The Notre-Dame de Paris cathedral, which was recently ravaged by fire, continues to be an iconic building everywhere, including in the cinema. here are some examples
As I sat down to write this column, my various devices went crazy and social media began streaming heartbreaking live footage of the fire at Notre Dame Cathedral in Paris, culminating in the collapse of the spire and the roof. My original intention was to write about something else, but my immediate thoughts were to write something about the representation of the cathedral in film. I almost changed my mind, given that Twitterati was already on the case, but decided to persist on the grounds that in the few hours from the horrific incident to the publication of this column, the fickle public memory would have shifted to the next tragedy, meme or political ambush.
The obvious starting point would be the many versions of Victor Hugo’s famous 1831 novel Notre Dame of Paris (The Hunchback of Notre Dame in English) which details the tragic relationship between cathedral bellringer Quasimodo and gypsy Esmeralda. Excerpt from the 1905 French silent short film Emerald until the 1996 Disney animated film The Hunchback of Notre Dame and its straight-to-video sequel from 2002, the world has been fascinated by the subject and has, over the years, attracted a galaxy of talent. A 1923 version starred Patsy Ruth Miller as Esmeralda and Lon Chaney as Quasimodo, while a 1939 adaptation starred Maureen O’Hara and Charles Laughton and a 1956 version starred Gina Lollobrigida and Anthony Quinn.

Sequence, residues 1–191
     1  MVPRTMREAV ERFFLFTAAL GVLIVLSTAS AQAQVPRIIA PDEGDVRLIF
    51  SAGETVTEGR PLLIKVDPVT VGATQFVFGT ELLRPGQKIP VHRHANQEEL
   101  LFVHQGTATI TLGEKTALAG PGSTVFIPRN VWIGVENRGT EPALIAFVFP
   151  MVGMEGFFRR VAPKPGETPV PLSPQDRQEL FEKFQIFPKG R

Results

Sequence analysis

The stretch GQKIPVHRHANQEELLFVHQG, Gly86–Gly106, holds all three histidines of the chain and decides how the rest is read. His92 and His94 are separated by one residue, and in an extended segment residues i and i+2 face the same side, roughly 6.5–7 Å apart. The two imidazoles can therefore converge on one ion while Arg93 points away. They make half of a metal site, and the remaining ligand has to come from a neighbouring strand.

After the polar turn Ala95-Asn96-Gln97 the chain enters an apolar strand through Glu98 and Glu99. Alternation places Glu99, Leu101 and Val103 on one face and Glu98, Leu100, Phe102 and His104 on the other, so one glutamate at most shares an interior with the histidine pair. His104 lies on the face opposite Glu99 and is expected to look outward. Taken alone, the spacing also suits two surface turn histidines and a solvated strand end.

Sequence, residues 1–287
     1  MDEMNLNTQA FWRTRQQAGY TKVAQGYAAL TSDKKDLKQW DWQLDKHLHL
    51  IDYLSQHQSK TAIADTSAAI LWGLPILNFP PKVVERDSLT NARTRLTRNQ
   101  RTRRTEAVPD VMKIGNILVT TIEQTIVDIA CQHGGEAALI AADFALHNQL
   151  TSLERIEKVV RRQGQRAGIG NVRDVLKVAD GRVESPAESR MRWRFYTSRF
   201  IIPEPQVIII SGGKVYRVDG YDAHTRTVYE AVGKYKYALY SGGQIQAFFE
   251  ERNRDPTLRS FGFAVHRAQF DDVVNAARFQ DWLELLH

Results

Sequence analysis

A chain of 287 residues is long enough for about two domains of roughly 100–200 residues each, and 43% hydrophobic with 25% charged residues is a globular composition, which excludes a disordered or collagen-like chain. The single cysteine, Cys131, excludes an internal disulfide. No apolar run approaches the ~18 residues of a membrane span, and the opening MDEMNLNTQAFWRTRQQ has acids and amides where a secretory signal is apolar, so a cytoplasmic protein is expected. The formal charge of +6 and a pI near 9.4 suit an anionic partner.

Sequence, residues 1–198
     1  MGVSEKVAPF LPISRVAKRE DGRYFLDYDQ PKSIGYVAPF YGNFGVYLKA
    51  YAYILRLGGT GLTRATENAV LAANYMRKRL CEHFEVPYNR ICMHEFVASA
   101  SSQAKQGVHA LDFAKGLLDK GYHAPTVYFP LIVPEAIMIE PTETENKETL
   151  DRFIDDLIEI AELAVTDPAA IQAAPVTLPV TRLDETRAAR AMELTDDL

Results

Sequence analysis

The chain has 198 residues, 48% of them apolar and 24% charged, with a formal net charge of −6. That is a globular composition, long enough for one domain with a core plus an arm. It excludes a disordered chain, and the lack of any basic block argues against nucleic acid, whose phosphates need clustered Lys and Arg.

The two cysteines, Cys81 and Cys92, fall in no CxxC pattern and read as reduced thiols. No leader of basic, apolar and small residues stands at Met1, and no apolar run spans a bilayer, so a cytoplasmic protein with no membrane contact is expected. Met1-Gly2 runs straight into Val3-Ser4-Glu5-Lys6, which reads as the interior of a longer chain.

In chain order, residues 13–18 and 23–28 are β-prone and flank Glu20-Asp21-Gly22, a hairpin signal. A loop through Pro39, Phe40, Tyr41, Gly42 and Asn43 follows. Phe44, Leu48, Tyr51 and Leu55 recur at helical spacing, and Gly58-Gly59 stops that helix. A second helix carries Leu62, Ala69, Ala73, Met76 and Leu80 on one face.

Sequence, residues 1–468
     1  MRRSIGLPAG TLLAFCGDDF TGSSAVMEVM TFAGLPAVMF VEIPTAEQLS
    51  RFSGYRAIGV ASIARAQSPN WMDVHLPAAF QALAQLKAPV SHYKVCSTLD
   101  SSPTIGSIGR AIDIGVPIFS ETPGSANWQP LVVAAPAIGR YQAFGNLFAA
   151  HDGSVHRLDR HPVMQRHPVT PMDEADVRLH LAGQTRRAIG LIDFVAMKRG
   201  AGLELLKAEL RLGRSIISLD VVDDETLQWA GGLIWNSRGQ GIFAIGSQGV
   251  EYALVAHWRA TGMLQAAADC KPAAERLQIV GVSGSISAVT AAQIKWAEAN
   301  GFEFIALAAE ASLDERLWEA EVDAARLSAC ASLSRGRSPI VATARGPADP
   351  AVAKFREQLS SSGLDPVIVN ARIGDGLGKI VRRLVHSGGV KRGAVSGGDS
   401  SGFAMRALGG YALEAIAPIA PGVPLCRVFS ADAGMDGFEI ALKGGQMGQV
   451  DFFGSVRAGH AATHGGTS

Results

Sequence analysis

When the BBC concluded their coverage of the fire with an excerpt from the novel Hugo read by actor Tom Hollander, composer Howard Goodall (Mr Bean, Johnny English) emphasized: “The title of the book is Notre Dame of Paris. The title you used is from a film adaptation. Anyone who has actually read Hugo’s book will know that the cathedral, not some poor persecuted bellringer with scoliosis, is the main character.
Elsewhere, the cathedral figures in An American in Paris (1951), Amelie (2001), Ratatouille (2007), Midnight in Paris (2011), The beauty and the Beast (2017) and way too many other films that can be listed here, as the cathedral is an integral part of the city’s skyline, just like the Eiffel Tower.
While Notre Dame was still burning, Twitter was already igniting with the seemingly prescient remark by Richard Linklater’s Julie Delpy before sunset (2004) where she says that Notre-Dame would have disappeared one day. In the film, this was preceded by a story told by Ethan Hawke’s character where he recalls a German soldier tasked with blowing up the cathedral during the Nazi retreat from Paris, who was unable to resolve to do the deed.
In any case, it is unlikely that Notre-Dame will disappear anytime soon. As we speak, hundreds of millions of euros are being pledged to rebuild the iconic structure. For an encouraging example, the French need only look across the Channel to St. Paul’s Cathedral in London which has been ravaged by fire, rebuilt several times, damaged during the Blitz, restored again and extensively renovated less than ten years ago. Notre Dame itself has survived various ravages over the years and the bells will soon be ringing again and again.